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Election 2016: ASWSUV holds nail biting election party

Election Day finally arrived amidst great anticipation and trepidation last Tuesday, and ASWSUV held an election party so that students could gather in the Firstenburg Student Commons and watch the election results together.

As the night progressed, tensions rose for supporters of both candidates, and students began to wonder what the next four years in America might look like.

There are two different votes that the presidential candidates can win: the popular vote and the electoral vote. The popular vote is cast by American citizens of voting age. It is their responsibility to send in ballots or go to the polls to vote for their candidate of choice.

The electoral vote is cast by elected officials from each state in the Electoral College, and this is the vote that determines who will win the presidency. Hillary Clinton won the popular vote with a slim margin of 48% to the 47% of Donald Trump.

With a final electoral vote tally of 290, Donald Trump won the presidency, surpassing the 270 electoral votes required to win. Hillary Clinton received 228 of these votes. Post election analyses report that 42% of Americans did not vote, compared to only a slightly higher turnout in 2012.

On election night, Washington State University Vancouver students got to watch together as the election results rolled in. Throughout the night, emotions among supporters of both candidates were tense. The VanCougar got a chance to sit down with a few students to help capture the feelings of the night.

 

Emily Bratcher (EB): What is your prediction for the outcome of this election?

Jose Scott (JS): Too close to call.

Megan Poole (MP): Trump.

Derrick Smith (DS): Honestly, I think there is tentative lean towards Hillary Clinton by one or two votes.

Christian Tejada-Hernandez (CT): Trump.

Andrew Cloclouth (AC): Hillary by a hair.

 

EB:  In your opinion, who will make a better president?

JS: Not Trump, any of the Obamas.

DS: With the split in the government, nobody will get anything done. Trump will have an easier time of getting things by, but Trump will not make a good president.

CT: Trump.

AC: I don’t think either one will make a better president.

 

EB: How do you think the media impacted this election?

JS: We live in a society where America is so busy, the media is their only way of learning, education is a privilege in this country, tuition is rising, the only way one can learn is through the news.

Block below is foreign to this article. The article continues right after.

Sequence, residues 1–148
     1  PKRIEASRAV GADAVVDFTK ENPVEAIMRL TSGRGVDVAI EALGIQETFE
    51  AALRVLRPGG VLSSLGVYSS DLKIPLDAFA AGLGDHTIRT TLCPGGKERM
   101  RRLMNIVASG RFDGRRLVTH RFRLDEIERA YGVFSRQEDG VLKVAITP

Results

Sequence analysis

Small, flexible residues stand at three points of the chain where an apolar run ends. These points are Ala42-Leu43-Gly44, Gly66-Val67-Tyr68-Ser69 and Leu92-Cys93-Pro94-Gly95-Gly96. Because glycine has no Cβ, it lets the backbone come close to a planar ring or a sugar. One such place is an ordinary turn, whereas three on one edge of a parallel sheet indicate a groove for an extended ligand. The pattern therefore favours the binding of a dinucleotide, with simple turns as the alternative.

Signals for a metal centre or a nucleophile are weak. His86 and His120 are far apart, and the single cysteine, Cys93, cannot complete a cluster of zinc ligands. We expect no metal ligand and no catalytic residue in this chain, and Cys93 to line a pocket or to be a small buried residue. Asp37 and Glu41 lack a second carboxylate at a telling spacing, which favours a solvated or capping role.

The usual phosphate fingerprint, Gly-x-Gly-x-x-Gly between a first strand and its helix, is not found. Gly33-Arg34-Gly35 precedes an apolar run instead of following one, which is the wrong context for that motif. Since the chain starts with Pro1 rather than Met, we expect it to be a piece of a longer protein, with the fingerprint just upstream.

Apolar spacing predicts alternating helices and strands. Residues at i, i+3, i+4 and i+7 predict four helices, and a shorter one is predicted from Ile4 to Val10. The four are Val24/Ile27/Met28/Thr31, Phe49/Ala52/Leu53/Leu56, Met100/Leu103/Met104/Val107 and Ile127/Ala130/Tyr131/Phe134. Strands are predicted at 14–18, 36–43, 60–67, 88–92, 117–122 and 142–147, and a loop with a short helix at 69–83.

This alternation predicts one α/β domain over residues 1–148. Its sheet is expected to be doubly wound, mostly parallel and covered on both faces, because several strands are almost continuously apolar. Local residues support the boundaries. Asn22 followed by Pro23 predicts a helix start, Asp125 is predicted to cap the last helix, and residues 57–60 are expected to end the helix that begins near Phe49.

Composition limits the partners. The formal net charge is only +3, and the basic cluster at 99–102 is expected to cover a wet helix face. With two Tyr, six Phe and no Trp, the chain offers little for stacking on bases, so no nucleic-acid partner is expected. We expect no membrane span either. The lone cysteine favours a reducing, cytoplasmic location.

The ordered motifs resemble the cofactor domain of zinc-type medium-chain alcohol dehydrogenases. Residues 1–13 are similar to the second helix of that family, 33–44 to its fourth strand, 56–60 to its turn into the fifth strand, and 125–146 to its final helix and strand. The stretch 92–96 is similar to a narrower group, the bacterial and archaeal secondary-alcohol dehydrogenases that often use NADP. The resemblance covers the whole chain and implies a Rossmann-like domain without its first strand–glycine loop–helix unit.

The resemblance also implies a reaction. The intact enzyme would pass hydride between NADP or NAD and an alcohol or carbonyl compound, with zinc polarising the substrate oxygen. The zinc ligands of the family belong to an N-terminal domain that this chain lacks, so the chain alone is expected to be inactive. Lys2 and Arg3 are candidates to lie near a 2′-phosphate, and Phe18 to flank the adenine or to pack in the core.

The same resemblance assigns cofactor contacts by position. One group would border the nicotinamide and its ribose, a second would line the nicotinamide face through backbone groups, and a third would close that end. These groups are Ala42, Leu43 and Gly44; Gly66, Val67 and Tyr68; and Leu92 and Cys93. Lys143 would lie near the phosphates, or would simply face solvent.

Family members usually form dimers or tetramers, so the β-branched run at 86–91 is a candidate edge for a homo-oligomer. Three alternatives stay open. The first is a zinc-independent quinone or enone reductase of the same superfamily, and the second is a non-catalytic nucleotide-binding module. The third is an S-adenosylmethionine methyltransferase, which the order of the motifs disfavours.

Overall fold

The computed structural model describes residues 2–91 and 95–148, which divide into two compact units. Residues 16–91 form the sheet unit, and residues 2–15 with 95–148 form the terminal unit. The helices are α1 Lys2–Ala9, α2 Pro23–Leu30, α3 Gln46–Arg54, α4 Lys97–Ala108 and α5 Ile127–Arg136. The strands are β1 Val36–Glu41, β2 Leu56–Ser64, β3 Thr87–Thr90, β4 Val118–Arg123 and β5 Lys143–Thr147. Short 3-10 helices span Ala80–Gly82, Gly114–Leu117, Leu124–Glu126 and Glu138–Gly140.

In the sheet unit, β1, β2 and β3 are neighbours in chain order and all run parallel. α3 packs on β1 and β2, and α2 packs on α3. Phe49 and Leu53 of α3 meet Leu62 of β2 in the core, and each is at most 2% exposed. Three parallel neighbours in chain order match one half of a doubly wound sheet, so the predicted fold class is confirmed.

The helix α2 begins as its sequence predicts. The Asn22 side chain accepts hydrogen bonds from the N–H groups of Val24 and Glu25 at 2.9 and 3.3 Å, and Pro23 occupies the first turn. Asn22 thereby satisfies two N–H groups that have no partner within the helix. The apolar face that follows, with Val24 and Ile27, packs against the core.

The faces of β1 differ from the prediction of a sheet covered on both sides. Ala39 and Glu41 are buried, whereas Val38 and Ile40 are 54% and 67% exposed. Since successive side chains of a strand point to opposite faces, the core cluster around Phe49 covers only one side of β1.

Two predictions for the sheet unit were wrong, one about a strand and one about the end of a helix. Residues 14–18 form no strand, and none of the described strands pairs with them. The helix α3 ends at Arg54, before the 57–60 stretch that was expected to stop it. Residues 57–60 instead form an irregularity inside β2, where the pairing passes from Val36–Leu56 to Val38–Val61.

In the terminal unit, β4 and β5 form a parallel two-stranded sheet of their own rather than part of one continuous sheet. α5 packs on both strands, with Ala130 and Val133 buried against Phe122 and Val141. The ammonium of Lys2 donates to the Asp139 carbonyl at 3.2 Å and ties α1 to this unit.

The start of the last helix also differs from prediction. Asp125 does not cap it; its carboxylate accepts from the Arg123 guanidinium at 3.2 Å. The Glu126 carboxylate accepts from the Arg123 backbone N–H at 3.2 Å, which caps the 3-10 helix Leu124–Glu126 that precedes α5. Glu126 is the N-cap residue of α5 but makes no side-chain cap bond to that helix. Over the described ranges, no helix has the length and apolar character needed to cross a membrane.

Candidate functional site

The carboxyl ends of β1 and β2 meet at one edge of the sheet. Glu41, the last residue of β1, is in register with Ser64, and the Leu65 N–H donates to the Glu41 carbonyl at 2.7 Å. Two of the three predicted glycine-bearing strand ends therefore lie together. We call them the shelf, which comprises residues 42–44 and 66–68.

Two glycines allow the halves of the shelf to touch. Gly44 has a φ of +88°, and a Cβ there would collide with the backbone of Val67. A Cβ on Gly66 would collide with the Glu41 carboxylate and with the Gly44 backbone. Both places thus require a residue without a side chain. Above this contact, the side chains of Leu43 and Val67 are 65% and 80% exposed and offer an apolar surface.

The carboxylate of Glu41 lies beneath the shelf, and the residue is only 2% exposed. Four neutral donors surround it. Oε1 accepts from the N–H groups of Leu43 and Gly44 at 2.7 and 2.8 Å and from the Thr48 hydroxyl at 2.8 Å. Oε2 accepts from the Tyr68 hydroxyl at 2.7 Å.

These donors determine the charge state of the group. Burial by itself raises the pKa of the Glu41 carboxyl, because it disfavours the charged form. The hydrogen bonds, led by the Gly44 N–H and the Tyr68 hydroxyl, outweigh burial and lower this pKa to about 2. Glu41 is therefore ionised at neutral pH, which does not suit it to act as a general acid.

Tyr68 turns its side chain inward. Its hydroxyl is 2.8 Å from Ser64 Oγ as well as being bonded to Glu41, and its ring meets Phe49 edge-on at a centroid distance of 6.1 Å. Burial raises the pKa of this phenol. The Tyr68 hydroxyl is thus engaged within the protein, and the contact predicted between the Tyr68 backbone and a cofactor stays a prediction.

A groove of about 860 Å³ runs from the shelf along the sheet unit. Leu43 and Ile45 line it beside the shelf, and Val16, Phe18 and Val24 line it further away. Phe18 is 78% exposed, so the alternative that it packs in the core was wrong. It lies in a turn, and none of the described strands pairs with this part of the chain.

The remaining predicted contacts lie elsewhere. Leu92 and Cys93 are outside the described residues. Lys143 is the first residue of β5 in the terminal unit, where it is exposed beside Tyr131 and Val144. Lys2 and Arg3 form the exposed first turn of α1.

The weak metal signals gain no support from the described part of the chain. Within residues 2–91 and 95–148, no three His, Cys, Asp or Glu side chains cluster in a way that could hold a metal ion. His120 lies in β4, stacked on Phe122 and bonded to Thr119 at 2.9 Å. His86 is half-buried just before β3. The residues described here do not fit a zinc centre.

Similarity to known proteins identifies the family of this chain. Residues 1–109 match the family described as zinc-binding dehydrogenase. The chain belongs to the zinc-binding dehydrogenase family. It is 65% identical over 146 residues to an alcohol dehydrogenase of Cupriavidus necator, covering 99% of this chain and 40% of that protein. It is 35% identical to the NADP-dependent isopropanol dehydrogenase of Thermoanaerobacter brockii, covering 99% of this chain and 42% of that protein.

MP: So much. I think that the majority of the media leans left, look at all the media: ABC and NBC. I feel like both sides use specific words to grab people in even though they are not showing both sides of the [story].

 

While there were a wide range of opinions from across the political spectrum, students like Poole hoped that whoever the new president was would make changes in America. Many students felt that this has been a controversial election, but some hoped future elections will not be as divisive. “My hope that this is a wake up call for everyone. I think whoever will become president people will realize what we need to do, take a breather and come back together again,” Smith said.

The election party wrapped up before the election results were announced. By the end of night however, many were shocked to see Trump leading in numbers.

In the days after the election on campus, many students were left speechless by the results.  A wave of protests in Portland and other cities expressing anger over Trump’s win also surprised students.

Come January, Republicans will control the presidency, the Senate and the House of Representatives. Trump is one of the first Republican candidates to win the vote from both battleground states of Florida and Ohio. Trump will be the 45th president of the United States and at 70 years old also the oldest to be sworn in.

Compared to Mitt Romney’s 2012 presidential campaign, Trump received more of the minority vote. Romney received 27% of the minority vote in 2012, while Trump received 29% in the 2016 election.

Within days of the election, protests, rallies and even riots broke out across major cities in the US. Many communities have held peaceful rallies protesting against Trump’s win.

Portland was among the first cities to see a violent outbreak. Interstate 5 going southbound was shut down for a period of time due to protesters blocking the freeway. Windows were broken and vandalism occurred, in addition to the freeway closure. Twenty-six people were arrested in Portland as a result of the violent outbreak. Portlanders have also come together for many more peaceful rallies as well.

Following the election, WSU Vancouver held a time for students to come together and let their voices and opinions be heard. This talk included themes of media in politics, the shock of the election results and fears that students might be having about the future of America.

Students from diverse communities voiced fears that America might lose the progress the nation has made. Students came together from all parties and communities, and talked about how Americans need to unite rather than divide as a population because of the election results.

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